Markets

Circuit breakers temper market frenzy

MUMBAI, MAHARASHTRA, 23/01/2015: A traffic signal in the foreground of the Bombay Stock Exchange's on Dalal Street seems to reflect the mood of the stock markets in Mumbai on January 23, 2015. The Sensex and Nifty hit a record high for the fourth consecutive session after the European Central Bank (ECB) announced larger-than-expected measures to stimulate the region’s sagging economy. Photo: Paul Noronha

MUMBAI, MAHARASHTRA, 23/01/2015: A traffic signal in the foreground of the Bombay Stock Exchange's on Dalal Street seems to reflect the mood of the stock markets in Mumbai on January 23, 2015. The Sensex and Nifty hit a record high for the fourth consecutive session after the European Central Bank (ECB) announced larger-than-expected measures to stimulate the region’s sagging economy. Photo: Paul Noronha   | Photo Credit: PAUL NORONHA

A pre-opening session of 15 minutes was mandated after trading resumed post the compulsory halt.

What are market wide circuit breakers?

Market-wide circuit breakers refer to the daily limit — both on the upside and the downside — that the benchmark indices can move in a single day before a trading halt is initiated. The circuit breaker mechanism was introduced in July 2001 as a measure against a significantly huge swings in the Sensex or Nifty.

Most recently, the circuit breakers were triggered on Friday after the Nifty hit the first limit of 10% soon after the start of the trading session. As per regulations, trading is suspended in both the BSE as well as the National Stock Exchange (NSE), if either of the benchmarks hits the circuit breaker.

What are the circuit limits?

The limits have been pegged at three levels — 10%, 15% and 20% — and the duration of the trading halt has been linked to the time at which the triggers are hit. If any of the benchmarks move 10% before 1 p.m., then trading is halted for 45 minutes.

Such a movement between 1 p.m. and 2:30 p.m. entails a 15-minute halt, while a 10% swing after 2:30 p.m. does not call for any trading halt.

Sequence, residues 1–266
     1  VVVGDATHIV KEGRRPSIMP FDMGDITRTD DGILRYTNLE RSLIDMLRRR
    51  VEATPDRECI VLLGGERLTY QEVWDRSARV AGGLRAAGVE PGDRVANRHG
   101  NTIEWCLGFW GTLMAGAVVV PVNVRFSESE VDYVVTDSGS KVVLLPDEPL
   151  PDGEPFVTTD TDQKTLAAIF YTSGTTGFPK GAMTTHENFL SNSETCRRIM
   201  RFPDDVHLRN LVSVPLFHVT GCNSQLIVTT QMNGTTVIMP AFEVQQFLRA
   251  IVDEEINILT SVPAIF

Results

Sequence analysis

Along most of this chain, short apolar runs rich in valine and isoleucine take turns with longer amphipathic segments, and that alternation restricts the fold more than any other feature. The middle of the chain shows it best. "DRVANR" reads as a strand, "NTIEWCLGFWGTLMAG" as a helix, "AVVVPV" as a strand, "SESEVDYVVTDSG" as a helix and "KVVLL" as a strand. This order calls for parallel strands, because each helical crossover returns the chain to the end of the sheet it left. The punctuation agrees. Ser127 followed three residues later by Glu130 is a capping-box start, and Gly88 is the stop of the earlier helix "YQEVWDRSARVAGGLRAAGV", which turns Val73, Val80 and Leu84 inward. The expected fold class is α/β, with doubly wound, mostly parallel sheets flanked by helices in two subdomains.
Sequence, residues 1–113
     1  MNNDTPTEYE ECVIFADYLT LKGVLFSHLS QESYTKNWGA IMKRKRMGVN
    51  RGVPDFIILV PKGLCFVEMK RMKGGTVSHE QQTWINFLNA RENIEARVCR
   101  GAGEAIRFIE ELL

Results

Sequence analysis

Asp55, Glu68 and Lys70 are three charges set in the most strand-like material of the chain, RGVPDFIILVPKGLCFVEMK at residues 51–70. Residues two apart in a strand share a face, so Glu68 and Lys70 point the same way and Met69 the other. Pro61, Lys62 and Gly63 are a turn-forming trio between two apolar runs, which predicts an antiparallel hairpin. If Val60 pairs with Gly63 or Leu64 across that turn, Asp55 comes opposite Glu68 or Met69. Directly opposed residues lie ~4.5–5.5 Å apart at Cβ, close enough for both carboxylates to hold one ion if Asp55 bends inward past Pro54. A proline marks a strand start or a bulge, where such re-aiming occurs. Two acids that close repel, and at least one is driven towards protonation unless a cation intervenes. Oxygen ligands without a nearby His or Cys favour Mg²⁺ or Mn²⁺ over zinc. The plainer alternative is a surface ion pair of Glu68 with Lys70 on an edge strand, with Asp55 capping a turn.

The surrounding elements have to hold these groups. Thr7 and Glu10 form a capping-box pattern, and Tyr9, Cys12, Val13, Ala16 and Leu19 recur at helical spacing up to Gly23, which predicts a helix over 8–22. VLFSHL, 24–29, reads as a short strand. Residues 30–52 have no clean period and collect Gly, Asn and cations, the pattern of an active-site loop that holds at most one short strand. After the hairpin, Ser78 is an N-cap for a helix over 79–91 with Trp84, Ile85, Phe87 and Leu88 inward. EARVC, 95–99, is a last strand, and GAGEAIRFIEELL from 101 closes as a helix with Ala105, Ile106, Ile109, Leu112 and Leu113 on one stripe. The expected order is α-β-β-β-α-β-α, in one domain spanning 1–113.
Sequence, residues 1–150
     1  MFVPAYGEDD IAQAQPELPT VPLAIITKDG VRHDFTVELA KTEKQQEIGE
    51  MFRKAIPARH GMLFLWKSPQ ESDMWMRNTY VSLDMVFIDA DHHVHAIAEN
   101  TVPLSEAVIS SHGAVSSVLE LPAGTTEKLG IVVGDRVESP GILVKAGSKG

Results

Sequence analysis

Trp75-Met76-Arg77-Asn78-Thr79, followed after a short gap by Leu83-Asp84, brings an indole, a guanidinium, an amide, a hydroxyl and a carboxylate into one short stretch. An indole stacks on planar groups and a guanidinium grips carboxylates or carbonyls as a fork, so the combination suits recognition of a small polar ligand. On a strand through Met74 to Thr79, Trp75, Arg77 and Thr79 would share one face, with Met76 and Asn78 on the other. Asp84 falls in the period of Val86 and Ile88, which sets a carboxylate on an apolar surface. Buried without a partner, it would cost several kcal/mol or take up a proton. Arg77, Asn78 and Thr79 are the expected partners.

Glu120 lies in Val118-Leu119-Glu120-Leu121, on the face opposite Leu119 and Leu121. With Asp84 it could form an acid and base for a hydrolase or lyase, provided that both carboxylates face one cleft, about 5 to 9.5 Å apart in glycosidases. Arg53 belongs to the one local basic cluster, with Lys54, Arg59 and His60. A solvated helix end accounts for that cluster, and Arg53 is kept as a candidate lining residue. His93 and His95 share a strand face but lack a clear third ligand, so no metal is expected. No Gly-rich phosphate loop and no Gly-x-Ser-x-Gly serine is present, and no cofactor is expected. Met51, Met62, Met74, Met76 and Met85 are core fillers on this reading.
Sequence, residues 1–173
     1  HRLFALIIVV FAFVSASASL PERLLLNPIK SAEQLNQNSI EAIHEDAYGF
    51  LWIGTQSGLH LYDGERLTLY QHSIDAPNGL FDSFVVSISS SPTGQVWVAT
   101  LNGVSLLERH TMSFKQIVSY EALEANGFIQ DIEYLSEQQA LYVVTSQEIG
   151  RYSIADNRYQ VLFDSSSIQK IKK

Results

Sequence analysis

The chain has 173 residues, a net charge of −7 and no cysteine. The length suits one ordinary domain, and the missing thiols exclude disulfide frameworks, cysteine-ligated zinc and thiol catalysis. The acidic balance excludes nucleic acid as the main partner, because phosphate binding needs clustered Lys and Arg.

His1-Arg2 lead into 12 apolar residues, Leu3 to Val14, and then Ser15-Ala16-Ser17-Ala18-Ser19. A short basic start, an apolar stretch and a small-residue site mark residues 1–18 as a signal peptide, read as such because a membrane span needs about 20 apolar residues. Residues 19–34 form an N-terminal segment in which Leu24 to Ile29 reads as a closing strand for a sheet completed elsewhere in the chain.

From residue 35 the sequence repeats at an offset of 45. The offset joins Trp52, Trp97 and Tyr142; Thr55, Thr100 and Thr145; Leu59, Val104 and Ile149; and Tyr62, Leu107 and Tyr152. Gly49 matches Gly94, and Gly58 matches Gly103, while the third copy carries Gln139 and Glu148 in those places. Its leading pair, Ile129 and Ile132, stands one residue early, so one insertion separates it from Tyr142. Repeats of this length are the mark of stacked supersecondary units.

A 15% movement in the Sensex or Nifty before 1 p.m. leads to suspension of trade for 1:45 hours while a 15% swing between 1 p.m. and 2 p.m. brings trading to a halt for 45 minutes. If the Sensex or Nifty hits the 15% limit after 2 p.m. then trading is suspended for the rest of the day. The maximum market-wide circuit breaker limit has been fixed at 20% and if this trigger is hit at any point of time during the trading session, then trading is halted for the rest of the day.

Are circuit limits revised often?

Earlier, when the concept of ciruit breakers for indices was introduced, the Securities and Exchange Board of India (SEBI) made it mandatory for exchanges to translate these trigger limits in absolute points on a quarterly basis.

At the end of each quarter, these absolute points were revised and made applicable for the next quarter. From 2013 onwards, the regulator directed stock exchanges to introduce daily calculation of circuit breaker limits based on the previous day’s closing level of the index.

Additionally, a pre-opening session of 15 minutes was mandated after trading resumed post the compulsory halt.

Why you should pay for quality journalism - Click to know more

Recommended for you
This article is closed for comments.
Please Email the Editor

Printable version | Apr 2, 2020 2:40:34 AM | https://www.thehindu.com/business/markets/circuit-breakers-temper-market-frenzy/article31070628.ece

Next Story